Hi all, I would like to recreate the entirety of some of the classics within ifSpace.net to assure others (as well as myself) that the software is more than capable of doing this. I also think that these classics are what introduce a lot of new folks into our genre and so I think having these games available on the platform might attract newly interested users. Does anybody know where I can find expanded maps with all of the possible commands and items and everything so that I can (painstakingly) copy and paste these things into an ifSpace port? Thanks in advance, and if anyone, by chance, is a die hard fan of any of these games and would like to be the one to do this for ifSpace… by all means I invite you to do so. Otherwise the resources to do it myself is plenty of help
Porting someone else’s commercial games to your own system seems a bit of a waste, especially if it were to result in a takedown. The usual strategy is to write a new killer game to show off the capabilities of a system and generate interest in it.
I agree with that last bit 100% and I will certainly do this but I still think that the classics are what generally introduce people to the IF genre either through some video-game history video or something else like that; but aren’t there many ports of those classics? I could be totally wrong saying that, but for me I have only ever played them on obscure online sites which I assume are not the original creators sites… are those sites doing something illegal?
Adventure, all Infocom’s and Scott Adams adventures all have source code available. Still a massive effort to port but maybe a bit easier than to recreate them from maps and such.
Thanks for letting me know that. I can try to find that somewhere… I’m guessing github? Also, I don’t know if you saw @Nathan 's reply… do you know if porting these classics are even allowed? I don’t want to subject my platform to any kind of copyright infringement.
Edit: If it helps, of course I would write the original Author’s name in the author field on the port.
Infocom I think not allowed (though I am making Milliways, Infocom’s unreleased sequel to H2G2, so what can I say?). But if you really want to, you can find it at the infocom-catalog of GitHub (link coming soon). You’ll need to learn how to use ZIL, though, to be able to understand lots of the stuff. Lots of it is straightforward, however.
The rest I have no idea. There is a port of Adventure to ZIL and also to Inform7, which is definitely helpful.
I’m assuming then that porting Adventure is a thing that is allowed/legal? Thanks for the info!
That you’ll have to ask someone like @heasm66 about, because I don’t know. However, since it’s been ported twice before, I’d assume so.
There’s a long long history of Adventure’s copyright not being enforced (not even when Microsoft made big bucks with a straightforward port), so even without going into the details of copyright law, I think you’re safe. You can find the Inform 7 source code on the IF Archive.
Rebuilding an Infocom classic might be less smart, from a legal point of view.
Adventure is probably ported to every imaginable platform but the original Fortran source is here.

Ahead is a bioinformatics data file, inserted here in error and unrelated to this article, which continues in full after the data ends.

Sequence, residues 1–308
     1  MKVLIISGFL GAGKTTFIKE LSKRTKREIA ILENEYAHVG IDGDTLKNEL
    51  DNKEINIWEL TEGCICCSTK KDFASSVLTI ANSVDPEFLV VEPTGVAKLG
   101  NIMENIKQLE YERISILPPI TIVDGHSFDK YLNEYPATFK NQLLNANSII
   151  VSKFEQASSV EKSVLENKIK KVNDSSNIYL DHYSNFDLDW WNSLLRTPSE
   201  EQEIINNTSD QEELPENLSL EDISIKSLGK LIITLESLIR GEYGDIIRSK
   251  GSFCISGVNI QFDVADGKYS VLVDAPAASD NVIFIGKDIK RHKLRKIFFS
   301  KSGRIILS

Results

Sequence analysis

Infocom’s source code got leaked a couple of years back and so far nobody have enforced the copyrights. A comprehensive collection is here.
The source to Scott Adams adventures (and other games in same venue) are here in a data format that’s pretty easy to port from.
If you want a more recent port of Colossal Cave Adventure, you should take a look at the resource page for Open Adventure.
This version has been updated for modern compilers and permission for its release has been given by the original authors.
You can also find background info on The Colossal Cave Adventure page, such as history of the game, maps, hints, links to source code etc.
If you want to port Zork, you could port the original MIT Zork (Fortran and C source code is available). This is the version that predates Infocom. It’s generally treated as being “open-ish-source”, like Colossal Cave.
I ported Bronze by Emily Short (with her permission) to my XVAN authoring system to show that it can handle medium sized games. I ported it from the Inform source code.
There’s a one-word killer to your idea (one which I love, but unfortunately will probably never see frution).
That word is: Copyright.
Even if unenforced, many if not most of the “Classic Games” are still under copyright protection.
But good luck! (You’ll probably need it.)
If you’re worried about copyright, you could do a parody or other similar transformative work based on the material. That would fall under fair use. Although law may vary in your location.
Ironically, Infocom IP is sorta in a strange place right now. Microsoft is trying to unhinge its jaw to swallow Activision who are the current copyright holders of most Infocom stuff. What Microsoft will do with material approaching 40 years old and what their stance will be on defending that copyright, there’s really no way to know for sure.
So most folks are sort of in a wait and see pattern regarding Infocom IP.
You read all the suggestions in this thread, right? There’s good options.
Yes of course! I have marked one of Henrik’s as the solution but many of them offer other great options as well. Everyone has been very helpful